Richard Crashaw Quotes

10 Quotes Sorted by Search Results (Descending)

About Richard Crashaw

Richard Crashaw (c. 1613 – August 25, 1649), English poet, styled "the divine," was part of the Seventeenth-century Metaphysical School of poets.

Born: 1613

Died: August 25th, 1649

Categories: English poets, 17th century deaths

Quotes: 10 sourced quotes total

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Words (count)163 - 36
Search Results2610 - 50
Whoe’er she be, That not impossible she, That shall command my heart and me.
Richard Crashaw
• Source: Wikiquote: "Richard Crashaw" (Sourced, Wishes for the Supposed Mistress: Quotes reported in Bartlett's Familiar Quotations, 10th ed. (1919).)
Life that dares send A challenge to his end, And when it comes, say, Welcome, friend!
Richard Crashaw
• Source: Wikiquote: "Richard Crashaw" (Sourced, Wishes for the Supposed Mistress: Quotes reported in Bartlett's Familiar Quotations, 10th ed. (1919).)
The conscious water saw its God and blushed.
Richard Crashaw
Epigrammatum sacrorum liber (1634). Translated by John Dryden from Crashaw's Latin original: "Nympha pudica Deum vidit, et erubuit (The modest Nymph saw the god, and blushed)", Complete works of Richard Crashaw (1872), edited by Alexander B. Grosart, vol. 2, p. 96.
• Source: Wikiquote: "Richard Crashaw" (Sourced)
A happy soul, that all the way To heaven hath a summer’s day.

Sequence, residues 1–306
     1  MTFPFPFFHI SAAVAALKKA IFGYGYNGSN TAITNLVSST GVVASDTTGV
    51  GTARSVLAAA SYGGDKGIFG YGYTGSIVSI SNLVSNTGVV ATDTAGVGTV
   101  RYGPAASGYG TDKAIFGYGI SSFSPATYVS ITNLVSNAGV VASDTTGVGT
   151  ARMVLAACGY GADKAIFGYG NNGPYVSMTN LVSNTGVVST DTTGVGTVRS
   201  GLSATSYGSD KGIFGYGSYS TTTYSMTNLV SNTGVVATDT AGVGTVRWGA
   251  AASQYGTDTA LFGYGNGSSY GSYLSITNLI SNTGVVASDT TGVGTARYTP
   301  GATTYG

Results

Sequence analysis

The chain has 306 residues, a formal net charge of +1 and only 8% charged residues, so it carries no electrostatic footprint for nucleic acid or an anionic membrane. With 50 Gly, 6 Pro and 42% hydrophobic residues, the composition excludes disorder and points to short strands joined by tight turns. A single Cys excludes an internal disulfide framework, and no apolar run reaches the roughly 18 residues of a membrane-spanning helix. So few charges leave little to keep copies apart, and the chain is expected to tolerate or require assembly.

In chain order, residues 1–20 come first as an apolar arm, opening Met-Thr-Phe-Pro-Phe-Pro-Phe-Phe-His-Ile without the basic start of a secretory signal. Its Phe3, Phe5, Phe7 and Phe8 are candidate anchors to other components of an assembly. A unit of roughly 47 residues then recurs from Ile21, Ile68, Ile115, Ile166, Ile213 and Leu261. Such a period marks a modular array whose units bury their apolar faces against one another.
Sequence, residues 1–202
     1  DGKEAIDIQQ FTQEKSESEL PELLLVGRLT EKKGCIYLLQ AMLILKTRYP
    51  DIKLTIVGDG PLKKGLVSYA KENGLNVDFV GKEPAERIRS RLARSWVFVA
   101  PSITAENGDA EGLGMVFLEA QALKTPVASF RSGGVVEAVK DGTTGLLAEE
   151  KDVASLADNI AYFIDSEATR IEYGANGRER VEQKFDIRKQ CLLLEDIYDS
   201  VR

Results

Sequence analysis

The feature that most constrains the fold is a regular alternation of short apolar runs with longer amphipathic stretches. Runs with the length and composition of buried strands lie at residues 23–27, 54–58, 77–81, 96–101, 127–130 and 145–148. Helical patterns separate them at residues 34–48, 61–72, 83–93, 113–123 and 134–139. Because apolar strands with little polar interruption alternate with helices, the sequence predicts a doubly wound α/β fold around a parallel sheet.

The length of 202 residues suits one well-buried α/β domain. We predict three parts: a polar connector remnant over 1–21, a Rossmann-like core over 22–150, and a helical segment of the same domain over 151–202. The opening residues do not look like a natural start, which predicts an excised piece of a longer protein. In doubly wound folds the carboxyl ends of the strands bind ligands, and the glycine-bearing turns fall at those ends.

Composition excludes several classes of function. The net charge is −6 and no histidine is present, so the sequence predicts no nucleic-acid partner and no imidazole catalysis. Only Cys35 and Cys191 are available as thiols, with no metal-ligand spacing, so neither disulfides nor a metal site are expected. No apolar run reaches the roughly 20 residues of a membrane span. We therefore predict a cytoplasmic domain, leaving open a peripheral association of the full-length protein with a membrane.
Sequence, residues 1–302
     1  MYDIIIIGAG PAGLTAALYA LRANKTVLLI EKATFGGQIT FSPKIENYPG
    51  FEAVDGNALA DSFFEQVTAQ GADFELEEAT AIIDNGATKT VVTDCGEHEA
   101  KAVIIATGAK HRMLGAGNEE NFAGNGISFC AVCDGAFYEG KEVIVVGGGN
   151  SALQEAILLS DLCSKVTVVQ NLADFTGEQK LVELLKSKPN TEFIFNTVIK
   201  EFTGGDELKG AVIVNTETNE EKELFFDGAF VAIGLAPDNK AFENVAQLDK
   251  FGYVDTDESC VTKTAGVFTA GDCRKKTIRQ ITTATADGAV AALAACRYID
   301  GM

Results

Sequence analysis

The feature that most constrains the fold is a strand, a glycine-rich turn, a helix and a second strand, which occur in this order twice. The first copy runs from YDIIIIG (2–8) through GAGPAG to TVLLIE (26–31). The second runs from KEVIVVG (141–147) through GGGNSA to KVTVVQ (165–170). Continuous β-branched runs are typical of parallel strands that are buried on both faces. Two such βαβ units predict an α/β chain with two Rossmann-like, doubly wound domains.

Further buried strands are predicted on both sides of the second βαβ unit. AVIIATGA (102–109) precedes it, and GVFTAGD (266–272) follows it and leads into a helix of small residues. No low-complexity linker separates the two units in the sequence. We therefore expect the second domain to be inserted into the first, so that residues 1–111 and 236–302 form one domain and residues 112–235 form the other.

Richard Crashaw
In Praise of Lessius’s Rule of Health, reported in Bartlett's Familiar Quotations, 10th ed. (1919).
• Source: Wikiquote: "Richard Crashaw" (Sourced)
Sydneian showers Of sweet discourse, whose powers Can crown old Winter’s head with flowers.
Richard Crashaw
• Source: Wikiquote: "Richard Crashaw" (Sourced, Wishes for the Supposed Mistress: Quotes reported in Bartlett's Familiar Quotations, 10th ed. (1919).)
Days that need borrow No part of their good morrow From a fore-spent night of sorrow.
Richard Crashaw
• Source: Wikiquote: "Richard Crashaw" (Sourced, Wishes for the Supposed Mistress: Quotes reported in Bartlett's Familiar Quotations, 10th ed. (1919).)
Where’er she lie, Locked up from mortal eye, In shady leaves of destiny.
Richard Crashaw
• Source: Wikiquote: "Richard Crashaw" (Sourced, Wishes for the Supposed Mistress: Quotes reported in Bartlett's Familiar Quotations, 10th ed. (1919).)
Prayer--Love's great artillery
The modest front of this small floor, Believe me, reader, can say more Than many a braver marble can,— “Here lies a truly honest man!”
Thou water turn'st to wine, fair friend of life; Thy foe, to cross the sweet arts of Thy reign, Distils from thence the tears of wrath and strife, And so turns wine to water back again.
Richard Crashaw
Steps to the Temple, To Our Lord upon the Water Made Wine; reported in Hoyt's New Cyclopedia Of Practical Quotations (1922), p. 516.
• Source: Wikiquote: "Richard Crashaw" (Sourced)

End Richard Crashaw Quotes